Is Google In Trouble With the EU Again?


Google (NASDAQ:GOOG) has failed to fix the significant flaws that European Union data protection regulators have identified in its new streamlined privacy policy, and that means trouble for the technology giant. The company now faces possible fines for its lapses.

A team of six regulators began “coordinated” enforcement measures Tuesday, reported Bloomberg, which punctuated the several-weeks-long impasse that followed a March 19 meeting between the two camps. As France’s National Commission for Computing and Civil Liberties, or CNIL, said it a statement posted to its website, national regulators must pursue Google according to their own regulations and powers. CNIL is the agency that has led the team of regulators from the United Kingdom, Germany, Spain, Italy and the Netherlands in their investigation.

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While financial penalties are one option, “the authorities’ goal is not to fine Google,” CNIL chairwoman Isabelle Falque-Pierrotin told the publication. “The goal is for Google to be in line with what we demand.” CNIL could levy a maximum fine of 150,000 euros, or $192,300, she added. Failing to give people information on how their personal data was used was one area in which Google has neglected to align its policies with EU rules, according to Falque-Pierrotin.

Criticism of Google’s privacy policy began last year when the operator of the world’s largest search engine changed its privacy policy in order to devise a consistent standard for more than 60 of its products. Both regulators and consumer advocates are concerned that the company is not protecting the data it collects from its users, and as a result, Google is under privacy investigations by authorities around the world…

In the company’s defense, Google spokesman Al Verney told Bloomberg by email that its privacy policy “respects European law and allows us to create simpler, more effective services.” He added that the company has “engaged fully with the data protection authorities involved throughout this process, and we’ll continue to do so going forward.”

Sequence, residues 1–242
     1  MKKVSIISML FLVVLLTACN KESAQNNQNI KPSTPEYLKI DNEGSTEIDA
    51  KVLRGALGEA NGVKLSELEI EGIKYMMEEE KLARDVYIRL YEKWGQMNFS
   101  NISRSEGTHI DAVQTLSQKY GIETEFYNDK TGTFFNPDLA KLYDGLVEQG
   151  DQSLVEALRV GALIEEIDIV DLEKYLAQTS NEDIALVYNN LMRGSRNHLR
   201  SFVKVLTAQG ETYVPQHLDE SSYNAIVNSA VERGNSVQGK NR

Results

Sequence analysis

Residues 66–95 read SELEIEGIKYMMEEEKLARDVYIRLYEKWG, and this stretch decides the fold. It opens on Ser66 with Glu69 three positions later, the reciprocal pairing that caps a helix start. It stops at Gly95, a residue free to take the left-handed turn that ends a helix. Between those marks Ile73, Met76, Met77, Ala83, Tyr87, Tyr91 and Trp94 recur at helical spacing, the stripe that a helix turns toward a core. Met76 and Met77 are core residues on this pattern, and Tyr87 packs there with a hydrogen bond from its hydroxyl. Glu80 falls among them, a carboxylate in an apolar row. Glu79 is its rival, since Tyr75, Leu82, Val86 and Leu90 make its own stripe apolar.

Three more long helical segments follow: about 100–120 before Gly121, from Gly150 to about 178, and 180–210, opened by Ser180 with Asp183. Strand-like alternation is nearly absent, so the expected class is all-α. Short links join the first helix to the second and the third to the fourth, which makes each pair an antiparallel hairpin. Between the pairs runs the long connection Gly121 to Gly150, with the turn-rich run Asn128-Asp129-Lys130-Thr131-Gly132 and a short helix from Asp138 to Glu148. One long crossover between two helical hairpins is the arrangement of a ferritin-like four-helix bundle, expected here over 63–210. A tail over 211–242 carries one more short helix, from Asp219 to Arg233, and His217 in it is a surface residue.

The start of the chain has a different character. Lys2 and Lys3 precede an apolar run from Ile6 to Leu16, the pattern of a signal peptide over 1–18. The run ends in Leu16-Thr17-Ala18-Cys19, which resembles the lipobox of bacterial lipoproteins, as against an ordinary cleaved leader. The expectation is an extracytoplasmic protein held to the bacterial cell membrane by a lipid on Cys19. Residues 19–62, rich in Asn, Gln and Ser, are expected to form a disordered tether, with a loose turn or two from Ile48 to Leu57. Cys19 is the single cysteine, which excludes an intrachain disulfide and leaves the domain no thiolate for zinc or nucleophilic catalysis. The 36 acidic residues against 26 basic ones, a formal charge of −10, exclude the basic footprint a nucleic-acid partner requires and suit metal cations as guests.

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The current allegations that the taskforce of six agencies have brought began with an examination of the privacy policy made by the European Union’s Article 29 Data Protection Working Party last year. In October 2012, the group sent a letter to Google’s Chief Executive Officer Larry Page, which stated that the company “empowers itself to collect vast amounts of personal data about Internet users” without showing that the “collection was proportionate.” The letter also asked the company to bring its policy in line with EU rules, reported the publication.

Additionally, Falque-Pierrotin warned that the French regulatory agency could fine Google for not complying with the regulations. “I am not prejudging any fines that may be levied,” she said. “We are in a continued process of dialogue with Google and the whole process can be stopped at any moment if Google puts its systems in line with our demands.”

Already, Google has twice defied requests by the EU to pause its implementation of the unified privacy policy until CNIL has had the opportunity to review it.

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